Miss Bertha Rose Winchcomb (the name is often spelled with a final “e”, including on her tombstone, but the 1911 census return completed and signed by her mother has the spelling used here) was born in Englefield in 1893 in one of the lodges on the drive to Englefield House. Her mother was Mary Elizabeth Horne, born in the village, and her father was James Winchcomb from Sparsholt. James Winchcomb was supposed to have been descended from John Winchcomb, the celebrated clothier Jack ‘o Newbury. At the time of the Battle of Flodden he had a hundred looms in his house and ordered his workers to weave their own red and white uniform cloth before marching them northwards to do battle and then back to work. Curiously, in 1513 this John Winchcomb married an earlier Mary Elizabeth Horne so it is possible that Miss Winchcomb was doubly descended from Hornes. James Winchcomb worked as a gardener for Mr Bligh who then lived at the Rectory. He was the only adult in the village to die in the measles epidemic of 1893/4 and in 1899 his widow and children moved to number 8 in the Street to act as caretaker for two teachers who lived next door at number 9. These two houses were converted from what was formerly the Parsonage.
In an interview for the Newbury Weekly News in 1976 Miss Winchcomb recalled that her maternal grandfather, Thomas Horne, was born on the family farm in North Street but that his father had sold the farm and went off and had a good time. “It’s really rather annoying”, she said.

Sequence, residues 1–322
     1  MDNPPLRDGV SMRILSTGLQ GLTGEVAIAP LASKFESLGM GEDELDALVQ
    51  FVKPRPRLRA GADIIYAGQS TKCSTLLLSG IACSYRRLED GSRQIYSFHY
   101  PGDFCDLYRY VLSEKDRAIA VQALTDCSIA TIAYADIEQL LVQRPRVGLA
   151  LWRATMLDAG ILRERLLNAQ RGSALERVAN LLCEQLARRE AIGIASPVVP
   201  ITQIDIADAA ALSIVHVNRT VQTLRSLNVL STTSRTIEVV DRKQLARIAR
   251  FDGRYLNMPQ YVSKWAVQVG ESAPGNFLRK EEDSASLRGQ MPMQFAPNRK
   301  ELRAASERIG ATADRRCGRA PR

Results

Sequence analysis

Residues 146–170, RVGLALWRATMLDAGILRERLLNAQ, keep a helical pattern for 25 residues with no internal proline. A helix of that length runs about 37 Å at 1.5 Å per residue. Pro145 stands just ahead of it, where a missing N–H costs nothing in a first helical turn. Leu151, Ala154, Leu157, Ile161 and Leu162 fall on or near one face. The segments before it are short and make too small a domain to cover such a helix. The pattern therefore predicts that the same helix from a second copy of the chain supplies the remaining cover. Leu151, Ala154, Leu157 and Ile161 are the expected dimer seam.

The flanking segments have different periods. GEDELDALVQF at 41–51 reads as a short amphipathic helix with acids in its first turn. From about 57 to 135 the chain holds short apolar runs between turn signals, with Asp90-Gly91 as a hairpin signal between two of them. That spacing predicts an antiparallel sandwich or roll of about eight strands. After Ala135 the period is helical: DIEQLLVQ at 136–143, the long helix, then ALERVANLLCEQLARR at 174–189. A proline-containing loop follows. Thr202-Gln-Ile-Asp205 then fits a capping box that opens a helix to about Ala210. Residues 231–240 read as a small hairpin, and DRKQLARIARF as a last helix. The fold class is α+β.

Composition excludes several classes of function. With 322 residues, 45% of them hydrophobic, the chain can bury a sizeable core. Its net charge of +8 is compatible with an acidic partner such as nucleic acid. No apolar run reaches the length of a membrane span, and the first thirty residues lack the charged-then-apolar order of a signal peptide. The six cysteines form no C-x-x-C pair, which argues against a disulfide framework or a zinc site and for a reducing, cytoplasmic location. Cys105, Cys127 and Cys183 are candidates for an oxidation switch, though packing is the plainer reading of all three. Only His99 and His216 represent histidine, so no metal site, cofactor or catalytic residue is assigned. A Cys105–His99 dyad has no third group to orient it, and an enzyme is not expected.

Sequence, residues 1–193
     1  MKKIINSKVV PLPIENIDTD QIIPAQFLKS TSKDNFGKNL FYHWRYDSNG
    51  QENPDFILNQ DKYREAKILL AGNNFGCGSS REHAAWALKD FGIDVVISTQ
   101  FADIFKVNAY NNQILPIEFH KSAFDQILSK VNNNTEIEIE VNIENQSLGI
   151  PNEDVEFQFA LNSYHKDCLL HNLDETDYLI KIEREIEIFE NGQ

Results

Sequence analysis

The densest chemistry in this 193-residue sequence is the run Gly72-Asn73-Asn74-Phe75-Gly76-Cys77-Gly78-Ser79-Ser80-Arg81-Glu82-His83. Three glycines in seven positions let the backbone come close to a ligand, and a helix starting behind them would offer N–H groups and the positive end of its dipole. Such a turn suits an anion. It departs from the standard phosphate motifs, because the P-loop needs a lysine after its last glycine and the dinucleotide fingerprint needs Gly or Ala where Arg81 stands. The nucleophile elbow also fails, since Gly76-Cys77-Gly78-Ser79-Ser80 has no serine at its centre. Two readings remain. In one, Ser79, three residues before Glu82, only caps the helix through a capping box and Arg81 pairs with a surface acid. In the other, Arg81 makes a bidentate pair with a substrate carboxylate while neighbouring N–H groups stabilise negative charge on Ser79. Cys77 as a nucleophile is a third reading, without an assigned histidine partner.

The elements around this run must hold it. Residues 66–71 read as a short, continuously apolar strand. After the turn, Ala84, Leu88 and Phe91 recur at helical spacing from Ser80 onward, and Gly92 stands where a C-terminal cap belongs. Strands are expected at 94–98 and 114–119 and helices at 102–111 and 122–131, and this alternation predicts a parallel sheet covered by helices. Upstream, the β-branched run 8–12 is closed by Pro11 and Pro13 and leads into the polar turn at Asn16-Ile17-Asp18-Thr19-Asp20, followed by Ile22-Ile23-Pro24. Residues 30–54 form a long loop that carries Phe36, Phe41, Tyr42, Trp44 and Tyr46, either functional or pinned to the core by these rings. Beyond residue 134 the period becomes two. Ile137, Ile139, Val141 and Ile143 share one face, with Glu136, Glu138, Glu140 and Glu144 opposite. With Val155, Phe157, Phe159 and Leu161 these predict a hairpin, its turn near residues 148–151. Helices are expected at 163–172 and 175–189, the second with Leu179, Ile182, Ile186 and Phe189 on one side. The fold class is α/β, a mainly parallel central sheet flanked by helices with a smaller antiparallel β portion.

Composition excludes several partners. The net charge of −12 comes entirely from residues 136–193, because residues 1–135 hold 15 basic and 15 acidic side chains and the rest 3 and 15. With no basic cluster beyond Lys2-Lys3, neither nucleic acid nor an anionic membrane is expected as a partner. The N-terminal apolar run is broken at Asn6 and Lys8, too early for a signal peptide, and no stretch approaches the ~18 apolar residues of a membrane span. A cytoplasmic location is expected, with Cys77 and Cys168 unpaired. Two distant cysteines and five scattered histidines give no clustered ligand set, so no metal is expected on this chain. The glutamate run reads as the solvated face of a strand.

At school in the village Bertha Wincomb excelled at needlework, winning first prize in 1905 and 1906. In 1906 she was also best at knitting but as she had won the prize for needlework the knitting prize was given to Mabel Reid (who would become Mabel Claydon and teach at the school herself for very many years). Perhaps this success is not surprising as the census of April 1901 shows both her mother and eldest sister Emily Matilda as needlewomen working on their own account at number 8 Englefield Street, although the latter was to die only two months later.
At the age of 14 she left Englefield to work as a housemaid for £14 a year. The family at one house she worked at were friends of royalty and she said she couldn’t have wished for a better place; she felt that the popular portrayal of private service was most unfair.
At the age of 25, after suffering illness and being told she would never be strong enough to work again, she returned to the village with her sister Mary, who had married Edward Van Veen, a groom on the Estate. Despite continuous ill-health and several operations she remained lively and alert, living alone (save for a budgerigar named Bobby) at the old school (No 11/12, The Street) where her uncle had lived before her. She died in 1986 at the age of 93 and is buried in the churchyard.
© 2019 Richard J Smith